The economist Brad DeLong recently took on Professor Nick Rowe, of Carlton University, over the bizarrely confused issue of intergenerational debt; in a moment Ill try to offer a new way of explaining why the conventional presentation is all wrong.
In Nick Rowes world the next generations taxpayers are taxed to pay off the debt and so they are losers, Mr. DeLong wrote in a blog post on Oct. 12. And in Nick Rowes world the next generations debt-holders are not gainers.
First, let me suggest that phrasing in terms of future generations can easily become a trap. Its quite possible that debt can raise the consumption of one generation and reduce the consumption of the next generation during the period when members of both generations are still alive. Suppose that after the 2016 election President Santorum tries to buy senior support by giving every American over 65 a gift of newly printed government bonds; then the over-65 generation will be made richer, and everyone under 65 will be made poorer (duh).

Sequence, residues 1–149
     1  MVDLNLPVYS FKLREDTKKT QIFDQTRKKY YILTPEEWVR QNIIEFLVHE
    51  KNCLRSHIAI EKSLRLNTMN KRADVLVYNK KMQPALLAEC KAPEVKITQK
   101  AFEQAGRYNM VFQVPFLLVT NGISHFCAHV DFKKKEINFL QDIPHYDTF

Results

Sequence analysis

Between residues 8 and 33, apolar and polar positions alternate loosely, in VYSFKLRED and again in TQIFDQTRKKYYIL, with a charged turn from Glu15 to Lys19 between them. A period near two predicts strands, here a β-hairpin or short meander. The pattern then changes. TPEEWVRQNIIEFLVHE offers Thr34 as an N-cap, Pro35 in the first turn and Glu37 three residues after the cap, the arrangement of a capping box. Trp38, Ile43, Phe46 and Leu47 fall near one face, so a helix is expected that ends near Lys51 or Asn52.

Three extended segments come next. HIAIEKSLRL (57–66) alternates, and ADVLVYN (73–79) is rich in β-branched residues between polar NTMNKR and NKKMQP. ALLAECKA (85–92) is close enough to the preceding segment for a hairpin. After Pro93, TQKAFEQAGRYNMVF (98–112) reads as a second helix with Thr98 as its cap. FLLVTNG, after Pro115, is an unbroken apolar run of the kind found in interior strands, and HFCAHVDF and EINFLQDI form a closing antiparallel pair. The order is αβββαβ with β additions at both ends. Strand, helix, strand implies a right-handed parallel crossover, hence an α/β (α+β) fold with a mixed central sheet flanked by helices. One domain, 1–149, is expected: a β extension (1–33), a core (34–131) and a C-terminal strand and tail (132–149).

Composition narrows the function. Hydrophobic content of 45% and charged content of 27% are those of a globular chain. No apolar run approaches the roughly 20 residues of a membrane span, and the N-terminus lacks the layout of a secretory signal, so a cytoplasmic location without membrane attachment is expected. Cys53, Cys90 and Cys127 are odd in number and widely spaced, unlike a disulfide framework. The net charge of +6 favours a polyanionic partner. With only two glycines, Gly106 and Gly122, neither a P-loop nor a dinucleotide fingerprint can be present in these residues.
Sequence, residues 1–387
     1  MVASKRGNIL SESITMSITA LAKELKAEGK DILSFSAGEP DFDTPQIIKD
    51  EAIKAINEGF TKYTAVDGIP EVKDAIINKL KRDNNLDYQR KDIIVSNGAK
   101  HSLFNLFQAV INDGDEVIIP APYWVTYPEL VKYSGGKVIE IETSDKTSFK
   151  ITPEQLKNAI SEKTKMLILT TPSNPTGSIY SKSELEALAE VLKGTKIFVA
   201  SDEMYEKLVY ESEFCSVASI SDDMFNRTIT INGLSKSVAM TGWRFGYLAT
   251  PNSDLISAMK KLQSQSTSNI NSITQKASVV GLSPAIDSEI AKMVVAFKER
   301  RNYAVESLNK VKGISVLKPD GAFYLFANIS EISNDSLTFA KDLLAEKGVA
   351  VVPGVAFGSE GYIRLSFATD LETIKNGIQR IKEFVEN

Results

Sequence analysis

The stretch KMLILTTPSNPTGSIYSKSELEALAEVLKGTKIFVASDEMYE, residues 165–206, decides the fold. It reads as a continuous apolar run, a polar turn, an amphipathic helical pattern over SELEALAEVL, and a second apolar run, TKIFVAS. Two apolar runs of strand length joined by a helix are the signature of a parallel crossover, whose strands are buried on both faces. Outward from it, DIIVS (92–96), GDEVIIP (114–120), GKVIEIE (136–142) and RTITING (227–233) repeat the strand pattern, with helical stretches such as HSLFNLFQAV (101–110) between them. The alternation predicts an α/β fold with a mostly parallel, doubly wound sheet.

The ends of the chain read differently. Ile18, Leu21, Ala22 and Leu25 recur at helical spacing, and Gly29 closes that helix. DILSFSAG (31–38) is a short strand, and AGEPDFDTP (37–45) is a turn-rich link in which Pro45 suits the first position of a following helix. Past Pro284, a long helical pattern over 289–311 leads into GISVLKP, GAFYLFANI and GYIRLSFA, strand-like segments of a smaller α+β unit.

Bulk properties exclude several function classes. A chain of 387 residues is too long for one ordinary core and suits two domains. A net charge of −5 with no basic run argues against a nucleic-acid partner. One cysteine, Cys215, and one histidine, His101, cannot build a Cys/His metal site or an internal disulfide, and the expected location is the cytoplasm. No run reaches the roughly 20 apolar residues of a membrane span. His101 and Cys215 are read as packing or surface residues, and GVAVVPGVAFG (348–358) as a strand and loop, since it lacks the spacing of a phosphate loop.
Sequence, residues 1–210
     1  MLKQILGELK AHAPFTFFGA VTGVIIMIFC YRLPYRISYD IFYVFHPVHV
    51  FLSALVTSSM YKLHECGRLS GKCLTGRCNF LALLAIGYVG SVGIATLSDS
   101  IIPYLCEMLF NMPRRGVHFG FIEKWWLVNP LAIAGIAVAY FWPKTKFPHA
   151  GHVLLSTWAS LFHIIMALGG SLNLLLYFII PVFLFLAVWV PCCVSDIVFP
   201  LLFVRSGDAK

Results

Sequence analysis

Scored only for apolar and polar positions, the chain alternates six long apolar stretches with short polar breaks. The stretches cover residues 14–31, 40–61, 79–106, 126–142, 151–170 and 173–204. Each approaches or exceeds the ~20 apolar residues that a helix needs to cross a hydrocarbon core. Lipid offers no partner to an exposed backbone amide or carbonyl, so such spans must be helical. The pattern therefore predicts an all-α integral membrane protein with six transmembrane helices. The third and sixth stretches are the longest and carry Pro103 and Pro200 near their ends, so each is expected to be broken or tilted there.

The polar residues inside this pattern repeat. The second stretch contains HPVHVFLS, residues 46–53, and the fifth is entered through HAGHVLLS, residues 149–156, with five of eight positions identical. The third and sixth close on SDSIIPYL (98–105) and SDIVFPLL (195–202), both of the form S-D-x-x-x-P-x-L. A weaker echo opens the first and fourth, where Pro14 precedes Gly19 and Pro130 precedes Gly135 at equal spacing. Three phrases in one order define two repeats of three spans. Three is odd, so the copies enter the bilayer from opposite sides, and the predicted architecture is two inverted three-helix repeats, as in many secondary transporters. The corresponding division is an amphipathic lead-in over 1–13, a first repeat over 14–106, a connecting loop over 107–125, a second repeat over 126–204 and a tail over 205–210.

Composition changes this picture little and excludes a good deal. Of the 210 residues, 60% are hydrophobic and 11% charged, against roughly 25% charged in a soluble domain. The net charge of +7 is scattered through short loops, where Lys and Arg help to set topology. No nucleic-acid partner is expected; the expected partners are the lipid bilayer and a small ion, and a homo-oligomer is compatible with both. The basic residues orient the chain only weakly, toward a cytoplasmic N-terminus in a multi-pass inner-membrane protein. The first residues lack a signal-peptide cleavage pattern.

But thats not what people mean when they speak about the burden of the debt on future generations; what they mean is that the United States as a whole will be poorer, just as a family that runs up debt is poorer thereafter. Does this make any sense?
Well, lets do a thought experiment that doesnt, at least initially, seem to have anything to do with debt. Suppose that instead of gifting seniors with bonds, President Santorum passes a constitutional amendment requiring that now on, each American whose name s with the letters A through K will receive $5,000 a year the federal government, with the money to be raised through extra taxes. Does this make America as a whole poorer?
The obvious answer is no, at least not in any direct sense. Were just making a transfer one group (the L through Zs) to another; total income isnt changed. Now, you could argue that there are indirect costs because raising taxes distorts incentives. But thats a very different story.
O.K., you can see whats coming: a debt inherited the past is, in effect, simply a rule requiring that one group of people the people who didnt inherit bonds their parents make a transfer to another group, the people who did. It has distributional effects, but it does not in any direct sense make the country poorer.